An addition to that point – very few minimum wage workers head households. Minimum wage workers are usually kids who are getting pocket money, or more to the point they’re often college students who are trying to work their way through school. Increase the minimum wage and you make it harder for kids to work their way through school. Great job, that – let’s have fewer kids who can afford to go to college, meaning our public colleges will get less tuition money and put a larger strain on the state budget for their operations or better yet, we’ll have more of our college students taking on a larger debt burden in order to make it through school. That leads to a higher dropout rate and a less-skilled workforce, and it also leads to a less-educated population with less economic upside.
By all means, let’s jack up the minimum wage by 40 percent and mandate that as many as 360,000 people cost their employees more money (if you believe the Louisiana Budget Project’s numbers, which you probably shouldn’t). They’re running around with the claim that 73 percent of the people of Louisiana are in favor of minimum wage increases, though the poll question suggests an increase only to $8.50 an hour, which isn’t encompassed by any of the bills, and little is said about the methodology of that poll.
The ridiculous thing about these bills is their timing. Louisiana’s unemployment rate being what it is, the demand for employees should drive wages upward as the state’s economy grows, and therefore fewer and fewer of these mythical people who struggle to raise a family on a minimum wage job would mythically struggle. You don’t need the government to mandate that process; get the government out of the way and the economy will do that naturally.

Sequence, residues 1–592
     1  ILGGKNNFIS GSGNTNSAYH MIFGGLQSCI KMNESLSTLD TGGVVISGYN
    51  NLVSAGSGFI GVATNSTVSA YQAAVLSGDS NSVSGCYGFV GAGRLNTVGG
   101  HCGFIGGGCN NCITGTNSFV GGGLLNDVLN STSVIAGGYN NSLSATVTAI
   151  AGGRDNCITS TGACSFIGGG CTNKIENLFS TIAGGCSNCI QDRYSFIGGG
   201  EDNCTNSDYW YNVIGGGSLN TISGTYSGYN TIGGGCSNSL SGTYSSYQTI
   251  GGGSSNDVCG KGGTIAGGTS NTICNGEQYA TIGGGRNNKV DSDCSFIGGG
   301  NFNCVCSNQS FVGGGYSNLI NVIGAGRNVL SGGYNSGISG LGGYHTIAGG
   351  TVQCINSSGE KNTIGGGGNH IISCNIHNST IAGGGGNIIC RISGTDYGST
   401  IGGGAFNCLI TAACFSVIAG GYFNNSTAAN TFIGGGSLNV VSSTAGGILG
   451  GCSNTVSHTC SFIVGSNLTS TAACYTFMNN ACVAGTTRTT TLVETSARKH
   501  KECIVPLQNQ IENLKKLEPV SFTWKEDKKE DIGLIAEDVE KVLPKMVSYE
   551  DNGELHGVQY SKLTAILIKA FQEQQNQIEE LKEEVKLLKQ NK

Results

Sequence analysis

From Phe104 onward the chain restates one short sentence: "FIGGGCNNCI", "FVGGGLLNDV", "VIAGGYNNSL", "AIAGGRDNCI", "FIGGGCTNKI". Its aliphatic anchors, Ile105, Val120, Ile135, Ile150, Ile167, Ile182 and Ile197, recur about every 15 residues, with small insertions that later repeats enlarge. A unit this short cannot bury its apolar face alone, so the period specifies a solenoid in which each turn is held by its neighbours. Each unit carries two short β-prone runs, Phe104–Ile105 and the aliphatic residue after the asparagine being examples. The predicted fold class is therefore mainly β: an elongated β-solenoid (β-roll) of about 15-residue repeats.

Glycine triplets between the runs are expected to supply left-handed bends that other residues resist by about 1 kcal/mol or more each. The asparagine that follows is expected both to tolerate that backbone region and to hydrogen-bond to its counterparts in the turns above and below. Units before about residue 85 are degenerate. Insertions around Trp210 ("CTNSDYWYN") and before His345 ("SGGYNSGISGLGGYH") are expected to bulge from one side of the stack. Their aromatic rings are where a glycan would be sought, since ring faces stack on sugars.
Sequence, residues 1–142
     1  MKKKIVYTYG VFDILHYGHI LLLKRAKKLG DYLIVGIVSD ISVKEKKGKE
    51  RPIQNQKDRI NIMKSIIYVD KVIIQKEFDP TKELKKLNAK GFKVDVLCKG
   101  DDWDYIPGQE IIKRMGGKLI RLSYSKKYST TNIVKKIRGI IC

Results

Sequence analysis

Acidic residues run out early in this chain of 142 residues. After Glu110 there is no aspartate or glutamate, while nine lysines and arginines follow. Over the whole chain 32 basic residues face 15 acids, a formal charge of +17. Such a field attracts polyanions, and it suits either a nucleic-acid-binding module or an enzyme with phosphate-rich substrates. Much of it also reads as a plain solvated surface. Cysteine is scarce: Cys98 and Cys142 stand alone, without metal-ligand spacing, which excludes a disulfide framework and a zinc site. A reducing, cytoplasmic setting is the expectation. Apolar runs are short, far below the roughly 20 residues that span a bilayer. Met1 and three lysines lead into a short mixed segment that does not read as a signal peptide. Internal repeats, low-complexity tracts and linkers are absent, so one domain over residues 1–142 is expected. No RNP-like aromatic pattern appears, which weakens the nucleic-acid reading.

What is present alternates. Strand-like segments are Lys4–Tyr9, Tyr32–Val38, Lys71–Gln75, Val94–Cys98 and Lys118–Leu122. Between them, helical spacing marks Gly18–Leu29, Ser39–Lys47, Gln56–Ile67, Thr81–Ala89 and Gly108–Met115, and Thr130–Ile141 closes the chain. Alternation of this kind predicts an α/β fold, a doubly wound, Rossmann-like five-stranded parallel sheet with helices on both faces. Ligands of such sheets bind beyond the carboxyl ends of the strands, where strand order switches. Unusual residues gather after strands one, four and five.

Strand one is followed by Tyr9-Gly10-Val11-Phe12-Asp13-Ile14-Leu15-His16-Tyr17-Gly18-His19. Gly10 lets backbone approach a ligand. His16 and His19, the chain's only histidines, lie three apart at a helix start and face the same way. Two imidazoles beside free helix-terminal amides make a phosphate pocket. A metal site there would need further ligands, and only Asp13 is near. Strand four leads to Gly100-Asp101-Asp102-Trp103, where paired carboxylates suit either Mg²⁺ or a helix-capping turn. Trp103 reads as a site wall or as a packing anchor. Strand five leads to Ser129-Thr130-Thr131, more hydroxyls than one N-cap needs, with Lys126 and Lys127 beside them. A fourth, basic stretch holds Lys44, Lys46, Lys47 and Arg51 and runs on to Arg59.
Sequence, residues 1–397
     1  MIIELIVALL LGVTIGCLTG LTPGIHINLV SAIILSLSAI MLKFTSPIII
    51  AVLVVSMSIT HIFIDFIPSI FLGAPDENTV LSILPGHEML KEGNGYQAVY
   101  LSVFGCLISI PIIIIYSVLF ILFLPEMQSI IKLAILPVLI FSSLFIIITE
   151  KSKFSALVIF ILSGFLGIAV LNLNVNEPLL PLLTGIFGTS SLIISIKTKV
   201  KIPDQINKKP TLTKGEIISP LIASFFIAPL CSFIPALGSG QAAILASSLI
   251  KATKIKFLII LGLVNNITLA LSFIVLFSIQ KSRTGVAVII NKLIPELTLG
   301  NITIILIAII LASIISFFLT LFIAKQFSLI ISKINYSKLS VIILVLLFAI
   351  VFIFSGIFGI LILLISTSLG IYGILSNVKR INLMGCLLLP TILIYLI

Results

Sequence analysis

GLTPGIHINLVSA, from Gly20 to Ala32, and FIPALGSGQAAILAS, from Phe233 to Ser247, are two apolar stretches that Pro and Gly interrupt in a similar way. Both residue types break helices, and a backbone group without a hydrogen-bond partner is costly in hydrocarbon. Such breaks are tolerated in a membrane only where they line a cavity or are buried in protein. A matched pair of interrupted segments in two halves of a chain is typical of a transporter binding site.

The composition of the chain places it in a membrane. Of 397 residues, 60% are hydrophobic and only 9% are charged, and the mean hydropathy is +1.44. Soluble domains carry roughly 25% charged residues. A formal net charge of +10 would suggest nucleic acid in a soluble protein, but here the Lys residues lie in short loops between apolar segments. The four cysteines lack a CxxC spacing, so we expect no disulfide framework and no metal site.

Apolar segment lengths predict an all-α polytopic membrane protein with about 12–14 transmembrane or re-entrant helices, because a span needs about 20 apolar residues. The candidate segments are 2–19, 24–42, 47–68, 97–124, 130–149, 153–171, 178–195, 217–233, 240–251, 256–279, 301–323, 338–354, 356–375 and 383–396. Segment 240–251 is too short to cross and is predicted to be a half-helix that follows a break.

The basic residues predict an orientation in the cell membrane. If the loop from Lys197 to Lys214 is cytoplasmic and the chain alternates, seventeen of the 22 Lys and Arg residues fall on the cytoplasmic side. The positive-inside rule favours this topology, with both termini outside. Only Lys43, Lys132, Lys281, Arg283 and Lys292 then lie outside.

But the authors of these dumb bills know they can’t pass them through a Republican legislature and that our Republican governor would veto them even if they did. They don’t care about economics or how many jobs their constituents can get; what they want is a good issue they can pander to their base with, and since there are national left-wing organizations willing to come in and do rabble-rousing on this issue they can raise some awareness and campaign cash with it.
And it might even work, because the business community and the conservative establishment in the state (and the country, for that matter) has done a suspect job of communicating on the issue. The legislators get it, and the bill won’t pass this year. But since the Democrats badly need an issue they can hang their hats on and they’ve got that poll they think says the minimum wage is a winner, get ready for a whole year of “Republicans hate poor people and won’t raise the minimum wage” demagoguery.